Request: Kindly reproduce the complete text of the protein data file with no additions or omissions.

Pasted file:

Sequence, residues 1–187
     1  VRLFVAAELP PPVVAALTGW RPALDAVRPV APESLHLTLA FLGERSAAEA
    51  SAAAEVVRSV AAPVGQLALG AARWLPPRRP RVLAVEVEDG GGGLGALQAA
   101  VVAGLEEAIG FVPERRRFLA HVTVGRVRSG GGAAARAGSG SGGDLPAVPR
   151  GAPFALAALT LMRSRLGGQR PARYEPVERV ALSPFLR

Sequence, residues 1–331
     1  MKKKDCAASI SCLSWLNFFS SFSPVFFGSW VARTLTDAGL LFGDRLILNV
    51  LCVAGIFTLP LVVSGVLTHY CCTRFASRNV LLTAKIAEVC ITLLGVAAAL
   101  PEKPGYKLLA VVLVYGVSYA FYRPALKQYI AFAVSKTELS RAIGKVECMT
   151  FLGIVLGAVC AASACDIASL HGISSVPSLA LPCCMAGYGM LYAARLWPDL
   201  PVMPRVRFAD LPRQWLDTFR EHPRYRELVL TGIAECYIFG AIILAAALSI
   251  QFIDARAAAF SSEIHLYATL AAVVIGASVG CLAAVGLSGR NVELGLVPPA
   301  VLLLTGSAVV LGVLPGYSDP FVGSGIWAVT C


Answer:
Sequence, residues 1–187
     1  VRLFVAAELP PPVVAALTGW RPALDAVRPV APESLHLTLA FLGERSAAEA
    51  SAAAEVVRSV AAPVGQLALG AARWLPPRRP RVLAVEVEDG GGGLGALQAA
   101  VVAGLEEAIG FVPERRRFLA HVTVGRVRSG GGAAARAGSG SGGDLPAVPR
   151  GAPFALAALT LMRSRLGGQR PARYEPVERV ALSPFLR

Sequence, residues 1–331
     1  MKKKDCAASI SCLSWLNFFS SFSPVFFGSW VARTLTDAGL LFGDRLILNV
    51  LCVAGIFTLP LVVSGVLTHY CCTRFASRNV LLTAKIAEVC ITLLGVAAAL
   101  PEKPGYKLLA VVLVYGVSYA FYRPALKQYI AFAVSKTELS RAIGKVECMT
   151  FLGIVLGAVC AASACDIASL HGISSVPSLA LPCCMAGYGM LYAARLWPDL
   201  PVMPRVRFAD LPRQWLDTFR EHPRYRELVL TGIAECYIFG AIILAAALSI
   251  QFIDARAAAF SSEIHLYATL AAVVIGASVG CLAAVGLSGR NVELGLVPPA
   301  VLLLTGSAVV LGVLPGYSDP FVGSGIWAVT C